PCI Requirement 3.5.4 states, “Store cryptographic keys in the fewest possible locations.” Reducing the amount of locations where cryptographic keys are stored helps your organization to track and monitor all key locations. If you have 100 locations, your organization would have to maintain strict control over 100 locations, which could lower the quality of control and increase the chance of unauthorized exposure. Minimizing the amount of locations to places that are necessary helps decrease the potential for an attack.
It’s not the assessors job to determine whether or not you’re really storing the cryptographic keys in the fewest possible places; but it is our job to ask you what the reason is for storing a key in the places that they are in. We may ask, “If you have it in 3 locations, why can’t you get away with 2 locations?” At some point, your answer will be your business justification, like, “Because that would render a high risk to our environment.” Assessors are looking to see that you’ve done your due diligence to reduce the amount of locations where your cryptographic keys reside. During the assessment, your assessor will also, “Examine key storage locations and processes to verify that the keys are stored in the fewest possible locations.”
“We want to limit the places that you store your encryption keys to really the minimum amount of places that are necessary. The purpose for this is that if you have your encryption key stored, while it might sound facetious, in 100 locations, that means you’re going to have to maintain strict control over 100 locations. The fewer possible places where these keys reside, the better off you are as an organization for protecting those keys. Specific to Requirement 3.5, we have a sub-requirement that says we store these keys in the fewest possible locations. From an assessment perspective, it’s not our job or role or charter to define whether or not it’s in the fewest possible locations or not.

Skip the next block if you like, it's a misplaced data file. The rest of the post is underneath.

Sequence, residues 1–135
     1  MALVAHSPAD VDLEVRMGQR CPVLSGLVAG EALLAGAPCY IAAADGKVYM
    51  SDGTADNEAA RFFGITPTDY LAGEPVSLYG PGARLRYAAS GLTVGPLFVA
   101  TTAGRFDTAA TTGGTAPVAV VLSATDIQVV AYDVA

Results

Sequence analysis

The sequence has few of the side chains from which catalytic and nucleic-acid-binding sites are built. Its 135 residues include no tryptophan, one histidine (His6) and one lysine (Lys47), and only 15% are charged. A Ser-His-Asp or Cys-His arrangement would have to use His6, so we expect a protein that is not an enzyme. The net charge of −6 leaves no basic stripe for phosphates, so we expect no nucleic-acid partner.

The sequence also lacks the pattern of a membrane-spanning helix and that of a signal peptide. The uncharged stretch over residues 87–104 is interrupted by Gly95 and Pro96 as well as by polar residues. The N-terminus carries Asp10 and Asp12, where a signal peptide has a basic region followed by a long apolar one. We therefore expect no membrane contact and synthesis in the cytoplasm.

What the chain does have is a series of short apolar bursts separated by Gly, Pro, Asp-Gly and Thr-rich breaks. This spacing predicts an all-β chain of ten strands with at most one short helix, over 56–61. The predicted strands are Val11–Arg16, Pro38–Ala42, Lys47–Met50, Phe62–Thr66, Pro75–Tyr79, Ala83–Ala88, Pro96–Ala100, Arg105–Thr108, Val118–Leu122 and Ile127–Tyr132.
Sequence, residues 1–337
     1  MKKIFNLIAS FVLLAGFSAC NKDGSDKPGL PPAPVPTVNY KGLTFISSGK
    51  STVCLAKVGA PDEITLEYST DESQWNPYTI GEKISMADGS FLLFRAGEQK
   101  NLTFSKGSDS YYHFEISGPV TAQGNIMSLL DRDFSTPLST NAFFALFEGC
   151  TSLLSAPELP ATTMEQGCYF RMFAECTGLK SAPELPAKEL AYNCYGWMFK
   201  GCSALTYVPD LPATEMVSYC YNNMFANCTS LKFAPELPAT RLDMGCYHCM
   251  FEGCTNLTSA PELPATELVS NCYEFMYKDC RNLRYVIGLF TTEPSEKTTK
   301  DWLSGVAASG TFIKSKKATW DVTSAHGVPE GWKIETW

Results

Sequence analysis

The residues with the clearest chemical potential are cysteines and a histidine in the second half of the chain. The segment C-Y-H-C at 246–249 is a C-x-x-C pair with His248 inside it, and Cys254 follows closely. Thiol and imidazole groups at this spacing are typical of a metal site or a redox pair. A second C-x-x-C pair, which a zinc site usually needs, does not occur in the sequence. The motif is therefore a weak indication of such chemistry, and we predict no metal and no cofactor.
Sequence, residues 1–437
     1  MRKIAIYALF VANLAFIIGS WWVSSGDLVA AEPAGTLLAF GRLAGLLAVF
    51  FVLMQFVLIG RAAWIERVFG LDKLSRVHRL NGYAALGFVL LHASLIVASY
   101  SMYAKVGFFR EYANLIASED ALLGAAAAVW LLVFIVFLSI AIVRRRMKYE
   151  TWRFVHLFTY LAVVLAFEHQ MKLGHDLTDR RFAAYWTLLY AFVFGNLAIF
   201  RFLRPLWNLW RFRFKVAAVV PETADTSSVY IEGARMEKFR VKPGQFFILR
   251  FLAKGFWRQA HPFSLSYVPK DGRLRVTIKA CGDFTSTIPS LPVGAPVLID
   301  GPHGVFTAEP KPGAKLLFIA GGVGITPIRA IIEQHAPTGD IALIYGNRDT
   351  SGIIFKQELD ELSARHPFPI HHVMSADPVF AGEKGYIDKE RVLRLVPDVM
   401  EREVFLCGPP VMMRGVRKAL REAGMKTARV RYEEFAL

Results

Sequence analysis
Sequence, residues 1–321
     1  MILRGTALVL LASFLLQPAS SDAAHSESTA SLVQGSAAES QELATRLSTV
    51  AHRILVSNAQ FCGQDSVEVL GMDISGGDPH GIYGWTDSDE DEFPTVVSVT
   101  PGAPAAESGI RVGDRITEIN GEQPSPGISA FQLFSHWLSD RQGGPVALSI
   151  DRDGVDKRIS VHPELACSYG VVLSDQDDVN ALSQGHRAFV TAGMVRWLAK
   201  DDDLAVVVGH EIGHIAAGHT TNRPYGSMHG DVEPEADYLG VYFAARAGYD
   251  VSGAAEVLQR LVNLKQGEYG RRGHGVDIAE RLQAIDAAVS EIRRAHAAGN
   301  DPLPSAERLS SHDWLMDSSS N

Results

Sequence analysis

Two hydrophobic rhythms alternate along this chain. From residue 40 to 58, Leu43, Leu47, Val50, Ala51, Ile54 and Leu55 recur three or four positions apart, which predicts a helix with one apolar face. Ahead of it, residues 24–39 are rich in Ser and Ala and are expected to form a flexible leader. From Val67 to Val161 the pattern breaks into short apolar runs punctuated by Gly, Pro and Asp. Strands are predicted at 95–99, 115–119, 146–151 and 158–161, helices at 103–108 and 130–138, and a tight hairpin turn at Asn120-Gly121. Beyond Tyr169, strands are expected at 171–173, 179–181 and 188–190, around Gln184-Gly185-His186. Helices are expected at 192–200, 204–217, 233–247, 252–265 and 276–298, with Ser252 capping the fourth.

But, one of the things we’re going to ask you is, “If you have it in 5 places, why don’t you have it in 4?” Or, “If you have it in 3 places, why can’t you get away with 2?” At some point, you’re going to say, “Because this breaks my business process,” or, “This would render a high risk to our environment, such that we wouldn’t be able to protect ourselves in the event of a disaster.” Whatever reason that is, what we’re looking for is that you’ve done your due diligence on where you’re storing those keys, how those keys are being stored, and then indeed, that these keys are stored in the fewest possible locations. “